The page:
That's the big question. Over the last couple weeks I have had five clear nights of imaging with the new pier—the pier allows me to keep my astro gear setup semi-permanently. I park the scope at the end of the night, shut everything down, throw the cover over it and cinch it up. Done. (I bought a TeleGizmos 365 Series Cover for 8-10" SCT from OPT several months back, but I'm just starting to use it now). There were three rainy days between these image captures, and a couple nights that dipped below zero (low 20°s F/ -6C). I left the mount and scope set up in the rain, protected by the cover, and with a couple bags of desiccant, the equipment was completely dry. Unlike a tripod, the pier allows me to tighten the cover around the post under all the equipment, holding off any moisture that might rise up from wet grass and ground.
So, how's the pier functioning? Perfectly. My goal was to be able to setup my gear and leave it outside for long periods—maybe weeks, and not have to polar align after the first night. I did run through a polar align the second night because I wanted to see how well it maintained alignment, and it was right on. I have now gone through three more imaging sessions without polar aligning! I simply check the weather, pull off the cover, power up everything, and begin my first sequence of the night. It really has been that simple.
How is the Total RMS when guiding? Very good—what I expected. Depending on seeing and other factors I've been running with .5" to right around 1", which is as good as it gets for my skies and mount. The pier is rock solid. We'll see how four bolted together lengths of treated lumber behave over time, but I am not expecting any movement.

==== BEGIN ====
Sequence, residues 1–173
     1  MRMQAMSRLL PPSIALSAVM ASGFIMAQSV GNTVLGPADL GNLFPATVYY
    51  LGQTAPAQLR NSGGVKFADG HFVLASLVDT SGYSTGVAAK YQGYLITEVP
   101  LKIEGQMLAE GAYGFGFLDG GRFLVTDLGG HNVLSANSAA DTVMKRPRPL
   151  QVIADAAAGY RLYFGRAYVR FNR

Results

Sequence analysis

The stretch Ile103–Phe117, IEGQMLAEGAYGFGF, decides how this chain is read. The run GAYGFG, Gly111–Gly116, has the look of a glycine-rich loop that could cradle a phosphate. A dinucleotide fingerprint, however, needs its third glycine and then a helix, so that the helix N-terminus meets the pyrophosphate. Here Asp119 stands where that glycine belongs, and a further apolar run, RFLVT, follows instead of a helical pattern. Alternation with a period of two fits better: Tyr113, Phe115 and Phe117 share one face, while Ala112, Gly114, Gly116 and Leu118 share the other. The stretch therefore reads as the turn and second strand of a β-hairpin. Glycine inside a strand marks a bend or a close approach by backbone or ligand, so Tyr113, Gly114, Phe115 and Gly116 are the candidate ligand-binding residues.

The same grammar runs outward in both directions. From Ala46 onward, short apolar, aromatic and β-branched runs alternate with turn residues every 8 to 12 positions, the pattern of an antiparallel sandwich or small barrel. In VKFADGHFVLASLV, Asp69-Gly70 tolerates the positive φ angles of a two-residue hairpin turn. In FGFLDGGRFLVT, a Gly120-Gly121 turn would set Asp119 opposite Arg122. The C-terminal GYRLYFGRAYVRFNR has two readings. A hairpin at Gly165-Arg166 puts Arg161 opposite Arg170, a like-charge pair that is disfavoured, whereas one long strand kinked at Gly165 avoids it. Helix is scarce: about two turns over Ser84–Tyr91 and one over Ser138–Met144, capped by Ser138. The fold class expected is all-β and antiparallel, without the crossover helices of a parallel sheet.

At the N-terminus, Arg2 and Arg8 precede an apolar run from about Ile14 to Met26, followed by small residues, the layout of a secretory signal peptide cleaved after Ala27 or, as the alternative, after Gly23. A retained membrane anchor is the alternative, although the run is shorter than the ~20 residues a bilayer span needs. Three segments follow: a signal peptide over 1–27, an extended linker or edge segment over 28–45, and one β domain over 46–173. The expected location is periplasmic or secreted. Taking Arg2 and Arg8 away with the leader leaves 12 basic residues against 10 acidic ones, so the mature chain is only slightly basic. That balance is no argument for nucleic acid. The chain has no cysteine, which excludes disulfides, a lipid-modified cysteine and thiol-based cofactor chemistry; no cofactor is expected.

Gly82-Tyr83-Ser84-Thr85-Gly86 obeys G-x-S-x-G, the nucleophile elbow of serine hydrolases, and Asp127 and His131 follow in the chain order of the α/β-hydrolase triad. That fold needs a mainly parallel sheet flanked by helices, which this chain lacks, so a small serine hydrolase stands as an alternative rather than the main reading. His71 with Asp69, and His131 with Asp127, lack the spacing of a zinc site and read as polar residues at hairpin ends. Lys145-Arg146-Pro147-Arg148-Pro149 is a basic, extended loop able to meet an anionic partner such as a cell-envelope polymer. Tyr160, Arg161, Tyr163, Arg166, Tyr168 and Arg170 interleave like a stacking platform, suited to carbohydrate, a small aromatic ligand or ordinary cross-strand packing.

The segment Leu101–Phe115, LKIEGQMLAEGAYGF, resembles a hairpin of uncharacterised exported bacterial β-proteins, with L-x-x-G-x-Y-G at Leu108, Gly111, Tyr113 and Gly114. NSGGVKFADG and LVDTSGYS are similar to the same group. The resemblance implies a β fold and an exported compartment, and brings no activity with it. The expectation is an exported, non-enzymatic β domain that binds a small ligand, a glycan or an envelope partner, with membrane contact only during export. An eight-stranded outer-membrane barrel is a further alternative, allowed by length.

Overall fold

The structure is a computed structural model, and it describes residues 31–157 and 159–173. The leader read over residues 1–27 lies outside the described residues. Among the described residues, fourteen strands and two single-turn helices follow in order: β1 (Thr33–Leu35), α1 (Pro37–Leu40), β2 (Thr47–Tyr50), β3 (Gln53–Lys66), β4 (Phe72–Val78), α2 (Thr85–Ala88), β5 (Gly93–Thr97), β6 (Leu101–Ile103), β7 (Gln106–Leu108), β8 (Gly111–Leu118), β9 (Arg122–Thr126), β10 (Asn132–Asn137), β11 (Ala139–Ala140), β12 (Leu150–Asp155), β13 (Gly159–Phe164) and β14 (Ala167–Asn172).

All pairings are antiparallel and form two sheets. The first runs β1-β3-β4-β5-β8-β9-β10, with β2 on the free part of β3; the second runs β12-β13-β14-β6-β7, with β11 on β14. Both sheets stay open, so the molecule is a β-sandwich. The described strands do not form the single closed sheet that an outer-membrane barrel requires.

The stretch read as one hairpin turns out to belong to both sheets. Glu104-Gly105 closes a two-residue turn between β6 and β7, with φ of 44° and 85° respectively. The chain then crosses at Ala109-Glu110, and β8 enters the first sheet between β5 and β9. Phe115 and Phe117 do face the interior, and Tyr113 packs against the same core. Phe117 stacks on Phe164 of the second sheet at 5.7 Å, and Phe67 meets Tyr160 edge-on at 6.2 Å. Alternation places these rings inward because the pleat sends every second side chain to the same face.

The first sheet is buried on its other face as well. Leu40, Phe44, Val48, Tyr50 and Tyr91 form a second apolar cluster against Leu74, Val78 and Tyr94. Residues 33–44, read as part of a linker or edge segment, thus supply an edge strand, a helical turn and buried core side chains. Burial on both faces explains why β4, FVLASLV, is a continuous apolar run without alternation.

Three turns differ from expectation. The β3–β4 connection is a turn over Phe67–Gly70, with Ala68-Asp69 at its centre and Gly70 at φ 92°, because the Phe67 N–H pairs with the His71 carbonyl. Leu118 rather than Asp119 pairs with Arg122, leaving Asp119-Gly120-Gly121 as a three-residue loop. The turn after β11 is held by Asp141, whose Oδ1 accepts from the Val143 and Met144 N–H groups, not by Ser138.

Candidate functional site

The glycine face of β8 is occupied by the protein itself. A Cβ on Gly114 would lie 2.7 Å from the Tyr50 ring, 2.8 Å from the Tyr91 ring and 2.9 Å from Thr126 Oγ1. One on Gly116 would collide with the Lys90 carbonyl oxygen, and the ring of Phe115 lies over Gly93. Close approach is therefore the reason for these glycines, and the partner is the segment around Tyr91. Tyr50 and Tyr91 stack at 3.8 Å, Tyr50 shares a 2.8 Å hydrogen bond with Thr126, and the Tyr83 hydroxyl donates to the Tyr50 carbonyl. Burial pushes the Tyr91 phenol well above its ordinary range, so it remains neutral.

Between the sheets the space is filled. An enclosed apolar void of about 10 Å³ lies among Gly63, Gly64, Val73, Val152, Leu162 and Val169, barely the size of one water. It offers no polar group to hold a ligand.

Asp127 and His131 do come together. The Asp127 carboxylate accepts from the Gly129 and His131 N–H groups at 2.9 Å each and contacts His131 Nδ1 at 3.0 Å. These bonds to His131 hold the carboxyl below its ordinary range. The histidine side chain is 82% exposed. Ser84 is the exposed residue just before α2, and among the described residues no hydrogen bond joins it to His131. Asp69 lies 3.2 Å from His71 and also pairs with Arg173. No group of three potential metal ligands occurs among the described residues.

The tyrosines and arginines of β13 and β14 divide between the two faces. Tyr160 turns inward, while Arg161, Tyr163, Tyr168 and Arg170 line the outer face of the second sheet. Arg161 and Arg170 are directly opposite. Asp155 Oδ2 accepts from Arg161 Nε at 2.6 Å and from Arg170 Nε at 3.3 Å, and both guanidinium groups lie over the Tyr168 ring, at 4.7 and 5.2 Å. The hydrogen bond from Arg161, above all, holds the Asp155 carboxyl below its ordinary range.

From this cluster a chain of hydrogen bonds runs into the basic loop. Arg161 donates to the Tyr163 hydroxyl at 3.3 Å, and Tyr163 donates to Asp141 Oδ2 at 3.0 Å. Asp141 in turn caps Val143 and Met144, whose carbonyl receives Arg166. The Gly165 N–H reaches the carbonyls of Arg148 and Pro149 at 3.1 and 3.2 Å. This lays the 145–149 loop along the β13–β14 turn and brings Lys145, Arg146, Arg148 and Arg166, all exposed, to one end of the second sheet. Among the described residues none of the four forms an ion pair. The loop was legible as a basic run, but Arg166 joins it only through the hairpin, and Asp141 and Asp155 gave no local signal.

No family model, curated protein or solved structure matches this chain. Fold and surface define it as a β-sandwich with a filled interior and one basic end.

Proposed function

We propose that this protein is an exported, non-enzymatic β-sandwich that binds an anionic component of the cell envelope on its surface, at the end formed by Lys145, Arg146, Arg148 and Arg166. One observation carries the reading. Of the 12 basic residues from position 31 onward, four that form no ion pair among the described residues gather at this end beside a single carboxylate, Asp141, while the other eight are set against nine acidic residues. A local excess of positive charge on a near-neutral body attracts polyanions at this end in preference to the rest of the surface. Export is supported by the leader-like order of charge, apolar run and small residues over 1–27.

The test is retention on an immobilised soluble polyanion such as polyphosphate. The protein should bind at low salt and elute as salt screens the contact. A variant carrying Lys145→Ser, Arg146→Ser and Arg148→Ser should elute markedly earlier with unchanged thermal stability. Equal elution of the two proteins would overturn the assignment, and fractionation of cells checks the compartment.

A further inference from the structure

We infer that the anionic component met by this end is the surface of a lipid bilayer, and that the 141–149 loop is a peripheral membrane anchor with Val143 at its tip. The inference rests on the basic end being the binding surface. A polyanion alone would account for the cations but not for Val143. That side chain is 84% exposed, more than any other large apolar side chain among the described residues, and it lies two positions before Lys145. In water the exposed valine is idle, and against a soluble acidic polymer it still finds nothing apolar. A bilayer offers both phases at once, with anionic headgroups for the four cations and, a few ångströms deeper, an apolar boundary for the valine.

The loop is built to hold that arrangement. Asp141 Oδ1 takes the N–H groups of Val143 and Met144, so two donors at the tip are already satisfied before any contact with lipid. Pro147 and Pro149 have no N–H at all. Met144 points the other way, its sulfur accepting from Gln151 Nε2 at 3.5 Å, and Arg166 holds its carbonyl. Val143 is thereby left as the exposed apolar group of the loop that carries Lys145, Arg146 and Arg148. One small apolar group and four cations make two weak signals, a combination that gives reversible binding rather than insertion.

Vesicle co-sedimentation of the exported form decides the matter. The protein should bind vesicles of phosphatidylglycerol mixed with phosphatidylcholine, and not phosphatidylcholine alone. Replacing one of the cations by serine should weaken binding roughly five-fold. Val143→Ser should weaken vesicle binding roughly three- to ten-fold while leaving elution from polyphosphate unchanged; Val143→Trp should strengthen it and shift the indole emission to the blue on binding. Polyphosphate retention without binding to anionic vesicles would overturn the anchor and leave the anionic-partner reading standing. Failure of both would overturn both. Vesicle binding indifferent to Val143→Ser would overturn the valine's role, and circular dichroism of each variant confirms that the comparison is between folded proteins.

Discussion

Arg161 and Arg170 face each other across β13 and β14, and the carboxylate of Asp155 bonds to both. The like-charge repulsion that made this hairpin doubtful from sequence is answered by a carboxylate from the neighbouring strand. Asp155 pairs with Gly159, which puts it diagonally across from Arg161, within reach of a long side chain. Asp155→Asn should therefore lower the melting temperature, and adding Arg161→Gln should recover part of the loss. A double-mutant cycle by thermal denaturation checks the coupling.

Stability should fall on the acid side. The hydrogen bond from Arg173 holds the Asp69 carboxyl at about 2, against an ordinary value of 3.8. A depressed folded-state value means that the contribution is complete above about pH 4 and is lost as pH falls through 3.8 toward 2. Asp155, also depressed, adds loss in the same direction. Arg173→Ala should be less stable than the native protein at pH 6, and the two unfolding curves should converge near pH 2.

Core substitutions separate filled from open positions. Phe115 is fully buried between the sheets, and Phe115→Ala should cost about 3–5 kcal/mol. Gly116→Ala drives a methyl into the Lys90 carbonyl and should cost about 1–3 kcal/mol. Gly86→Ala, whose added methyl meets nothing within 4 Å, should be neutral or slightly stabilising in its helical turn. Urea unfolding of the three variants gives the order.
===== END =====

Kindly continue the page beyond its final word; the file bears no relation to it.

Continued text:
The distance from the reducer/flattener to the sensor is just a hair too far, maybe a millimeter off, so stars are slightly wonky. I'm still playing around with a few equipment details. Other than that, I'm really happy with these imaging runs. Start-up and shut down is so easy. This really is the next best thing to a backyard observatory. And building the walls and roll-off roof of a tiny observatory around the pier might be a next step, who knows? I also have my micro-observatory project still underway, but that only works with a small mount. I'm having an issue right now with the CEM25P, and I have to resolve that before I can get back to the micro project. At the end of the day, what's cooler than having a permanent astro setup in the backyard? Yup, two permanent astro setups in the backyard.
I went with Hydrogen-alpha for last night's run, and targets included with 60 x 240sec subs of IC 405 (Flaming Star Nebula) in Auriga, and 60 x 240sec subs of IC 2177 and NGC 2327 (Seagull Nebula) in Canis Major.
IC 2177, NGC 2327—Seagull Nebula:
Gear notes: SkyWatcher EQ6-R Pro mount, William Optics GT81 Apochromatic Refractor 392mm at f/4.7, ZWO ASI1600MM-Pro monochrome camera, Astronomik 6nm filters, Moonlite focuser, Raspberry Pi 4 4GB / 128GB running INDI/KStars/Ekos